It's a collection of a cargo of objects that went with the sunk ship. The entrance to the exhibtion hall was a brief introduction of the background... that spoke about the silk road, trade between the east and the west, etc before talking about the route that the ship took... seemed to be a returning trip from China to Persia, but detoured to Indonesia (Belitung Island) where it sunk.

It was a rich display of objects! from vasks to bowls... and mirrors :P
They came from a few provinces in China and those were made during the Golden Age (China, Tang dynasty). A collection of bowls were nicely laid out in glass showcase... they seem ordinary to many of us. Well, they were, I believe, even in those days... however, their 'value' shot up because they were the objects of the yester-centuries and had been hidden (er... immersed) in deep sea most of their 'life'! 

Something new I learnt was... something that seem the most ordinary, e.g. the white porcelains, are amongst the most precious in the collection! Because of the degree of purity and transparency... Hm...
There are also some other interesting things like the kind of prints on the bowls and cups... OK, there's a little hands-on activity available to the visitors, just like when we collected lots of 'stamps' in the various places of interests in Japan, we could also do a little paper pressing exercise to have the little prints pressed on papers.

(3) Dali: The Mind of Genius exhibition
Salvador Domènec Felip Jacint Dalí i Domènech, Marquis de Púbol (May 11, 1904 – January 23, 1989), commonly known as Salvador Dalí (Catalan pronunciation: [səɫβəˈðo ðəˈɫi]), was a prominent Spanish Catalan surrealist painter born in Figueres. {extracted from Wikipedia}

Dali's work was featured at the 3rd story, the entire floor was delicated to his work, which was divided into several galleries. Of course, his symbolic masterpiece, the melting clock stood right in front of the museum (BTW, there's at least one more version of the melting clock in the exhibition gallery). A very ingenius way of using "clock" to symbolise time... the persistence(?) or the non-permanence (?) of time? Who would have thought of the idea came from a piece of melted cheese from the oven! Ah! Let me apply what I learnt from my ADMT colleagues - this is called "Shape borrowing" (hm... one of the tools in SCAMPER, if I recall correctly). There were lots of metaphors when looking at the sculptures. Ok , another word learnt is... he's a surrealist! He also seemed to be an expert to bring about or illustrate contrast in his pieces of work.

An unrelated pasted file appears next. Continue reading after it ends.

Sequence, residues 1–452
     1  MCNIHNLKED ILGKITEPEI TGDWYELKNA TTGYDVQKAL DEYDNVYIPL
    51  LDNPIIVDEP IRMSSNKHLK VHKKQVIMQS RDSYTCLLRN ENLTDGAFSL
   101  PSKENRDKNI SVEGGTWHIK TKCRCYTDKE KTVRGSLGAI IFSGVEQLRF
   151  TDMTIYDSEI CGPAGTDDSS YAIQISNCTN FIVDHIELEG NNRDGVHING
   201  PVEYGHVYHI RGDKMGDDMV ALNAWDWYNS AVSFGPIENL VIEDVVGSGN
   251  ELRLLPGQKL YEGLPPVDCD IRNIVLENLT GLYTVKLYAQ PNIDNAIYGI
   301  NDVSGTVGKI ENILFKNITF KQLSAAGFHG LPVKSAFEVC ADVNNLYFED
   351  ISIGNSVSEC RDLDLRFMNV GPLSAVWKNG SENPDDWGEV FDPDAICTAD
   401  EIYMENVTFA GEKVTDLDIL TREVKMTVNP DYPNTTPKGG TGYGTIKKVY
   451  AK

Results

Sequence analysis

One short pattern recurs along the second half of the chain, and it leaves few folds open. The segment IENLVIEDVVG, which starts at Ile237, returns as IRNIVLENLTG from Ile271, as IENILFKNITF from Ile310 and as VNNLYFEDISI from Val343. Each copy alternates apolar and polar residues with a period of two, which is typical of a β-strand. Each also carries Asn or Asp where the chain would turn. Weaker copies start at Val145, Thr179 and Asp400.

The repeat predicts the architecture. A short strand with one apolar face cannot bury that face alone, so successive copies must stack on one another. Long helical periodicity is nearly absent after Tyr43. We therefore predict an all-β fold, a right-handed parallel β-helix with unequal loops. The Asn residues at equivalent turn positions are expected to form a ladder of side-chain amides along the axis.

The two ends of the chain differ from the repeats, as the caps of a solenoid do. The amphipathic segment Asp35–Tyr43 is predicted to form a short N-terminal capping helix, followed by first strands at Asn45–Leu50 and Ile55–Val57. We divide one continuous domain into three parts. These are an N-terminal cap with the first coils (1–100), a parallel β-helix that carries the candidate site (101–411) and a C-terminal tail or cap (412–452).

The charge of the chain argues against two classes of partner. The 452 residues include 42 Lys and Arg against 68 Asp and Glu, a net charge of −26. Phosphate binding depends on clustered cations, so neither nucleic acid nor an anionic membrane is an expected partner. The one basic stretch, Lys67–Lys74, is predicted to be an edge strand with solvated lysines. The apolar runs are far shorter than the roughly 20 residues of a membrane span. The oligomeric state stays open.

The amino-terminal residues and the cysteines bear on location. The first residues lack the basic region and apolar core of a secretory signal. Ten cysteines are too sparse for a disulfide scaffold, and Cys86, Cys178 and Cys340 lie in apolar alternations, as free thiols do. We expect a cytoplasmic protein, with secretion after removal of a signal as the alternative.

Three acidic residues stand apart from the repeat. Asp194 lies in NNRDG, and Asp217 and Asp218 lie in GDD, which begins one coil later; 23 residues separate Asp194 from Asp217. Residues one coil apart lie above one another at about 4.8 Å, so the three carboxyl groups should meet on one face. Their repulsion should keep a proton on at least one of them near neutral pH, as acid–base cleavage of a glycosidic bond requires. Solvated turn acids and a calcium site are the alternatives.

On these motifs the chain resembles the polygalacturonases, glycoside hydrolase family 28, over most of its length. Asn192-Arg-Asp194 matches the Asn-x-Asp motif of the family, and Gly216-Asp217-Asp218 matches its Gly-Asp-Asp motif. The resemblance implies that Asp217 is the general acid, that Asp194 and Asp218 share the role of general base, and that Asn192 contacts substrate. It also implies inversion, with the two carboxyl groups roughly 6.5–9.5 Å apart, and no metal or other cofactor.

While his genius could be reflected his work, a range of the work could be controversial, in particular, the one on themed, Venus (I think). It's a collection of drawings of women - in different forms, shapes, sizes, postures, etc... I felt, it's simply beyond obsessive... it's the strange thought or maddness that was going on in his mind! It could be scary!

All over the gallery, there were words that reflect Dali's thinking... e.g. "Have no fear of perfection - you'll never reach it" and "The only difference between myself and a madman is that I am not mad."

Well, who's mad? who's obsessive in the thoughts, hm... 
Click HERE to the museum's website

Well, if you ask if it's worth the visit... hm... it depends... and it's certainly a place that not many know how to appreciate what's housed inside... Hm... ask me if I see what's the 'relationship' between the 'art and science' showcased here... I'm afraid, I've yet reached that 'level' to make the connection...